Common sources of pain

Two key areas are responsible as the source of pain in farm animals: disease, both infectious and non infectious, and the environment in which we house our livestock.

Pain associated with inflammatory diseases is probably the major source of pain in ruminant species. Inflammatory conditions that induce hyperalgesia probably induce spontaneous pain in the first instance and contribute to adverse welfare over a longer duration. While the magnitude of hyperalgesia does not appear to be related to the stimulus intensity, duration of hyperalgesia does appear to be correlated significantly to the intensity of the inflammatory stimulus.

Anaesthesia

Anaesthesia can be used in different ways. It can be used locally to cause a local nerve block, regionally to desensitise a specific area or generally to render the animal unconscious whilst a procedure is carried out.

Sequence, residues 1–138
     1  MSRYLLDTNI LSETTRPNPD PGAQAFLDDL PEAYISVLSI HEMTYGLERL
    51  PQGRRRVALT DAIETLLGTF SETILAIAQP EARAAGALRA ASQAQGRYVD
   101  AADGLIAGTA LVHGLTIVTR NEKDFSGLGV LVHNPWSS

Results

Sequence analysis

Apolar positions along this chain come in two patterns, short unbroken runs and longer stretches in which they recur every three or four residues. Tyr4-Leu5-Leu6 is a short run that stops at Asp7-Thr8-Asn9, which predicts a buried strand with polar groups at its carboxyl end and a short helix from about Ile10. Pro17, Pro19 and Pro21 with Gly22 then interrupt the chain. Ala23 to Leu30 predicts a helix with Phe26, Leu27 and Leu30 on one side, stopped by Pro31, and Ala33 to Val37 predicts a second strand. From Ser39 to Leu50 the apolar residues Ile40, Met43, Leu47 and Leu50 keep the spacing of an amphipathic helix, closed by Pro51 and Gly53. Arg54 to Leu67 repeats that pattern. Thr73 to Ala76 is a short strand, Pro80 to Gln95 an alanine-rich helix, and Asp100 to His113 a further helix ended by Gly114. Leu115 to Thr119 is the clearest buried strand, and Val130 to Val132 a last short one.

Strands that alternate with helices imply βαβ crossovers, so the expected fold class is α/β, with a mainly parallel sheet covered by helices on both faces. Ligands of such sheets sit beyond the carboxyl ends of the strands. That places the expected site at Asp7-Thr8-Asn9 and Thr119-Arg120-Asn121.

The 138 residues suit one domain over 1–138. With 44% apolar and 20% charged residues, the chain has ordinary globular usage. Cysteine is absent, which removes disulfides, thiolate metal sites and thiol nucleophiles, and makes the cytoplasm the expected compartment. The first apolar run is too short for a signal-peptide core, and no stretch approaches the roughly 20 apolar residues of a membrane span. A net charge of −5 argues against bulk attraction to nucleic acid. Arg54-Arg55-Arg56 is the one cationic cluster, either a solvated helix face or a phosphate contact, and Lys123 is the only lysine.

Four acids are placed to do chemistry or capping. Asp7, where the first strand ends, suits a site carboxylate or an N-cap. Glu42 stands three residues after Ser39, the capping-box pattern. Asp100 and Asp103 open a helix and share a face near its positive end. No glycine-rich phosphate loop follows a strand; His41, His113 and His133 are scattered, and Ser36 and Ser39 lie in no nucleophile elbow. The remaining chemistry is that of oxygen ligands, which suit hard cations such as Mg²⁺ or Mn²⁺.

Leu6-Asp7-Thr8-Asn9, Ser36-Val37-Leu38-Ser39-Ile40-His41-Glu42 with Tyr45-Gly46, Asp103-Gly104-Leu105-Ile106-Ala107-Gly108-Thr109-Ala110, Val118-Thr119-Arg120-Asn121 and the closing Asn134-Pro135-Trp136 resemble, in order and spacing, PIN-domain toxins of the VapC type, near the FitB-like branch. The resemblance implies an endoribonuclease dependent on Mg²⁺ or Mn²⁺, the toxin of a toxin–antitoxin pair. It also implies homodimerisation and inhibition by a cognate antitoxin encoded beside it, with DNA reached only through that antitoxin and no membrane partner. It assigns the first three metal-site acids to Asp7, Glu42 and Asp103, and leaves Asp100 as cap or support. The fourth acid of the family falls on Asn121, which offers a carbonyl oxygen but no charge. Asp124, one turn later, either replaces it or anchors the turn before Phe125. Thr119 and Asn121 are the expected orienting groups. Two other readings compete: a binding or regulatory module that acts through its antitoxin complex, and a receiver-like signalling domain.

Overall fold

Local anaesthesia

In the UK, local anaesthesia is a legal requirement before disbudding calves more than one-week old.  Chemical cautery (caustic paste) can only be used in calves less than one week old.

The three methods used to castrate calves in the UK are:

  • a rubber ring or other device to restrict the flow of blood to the scrotum
  • bloodless castration by crushing the spermatic cords with the Burdizzo
  • surgical castration

Rubber ring castration is only permitted within the first week of life.  Local anaesthesia is a legal requirement before castration of calves more than two-month old.  The injection of a non-steroidal anti-inflammatory drug (NSAID) before castration and disbudding has been shown to reduce acute pain associated with these mutilations.

fig10

Local anaesthesia - cornual nerve block prior to disbudding. Photo: R. Laven Intravenous local anaesthesia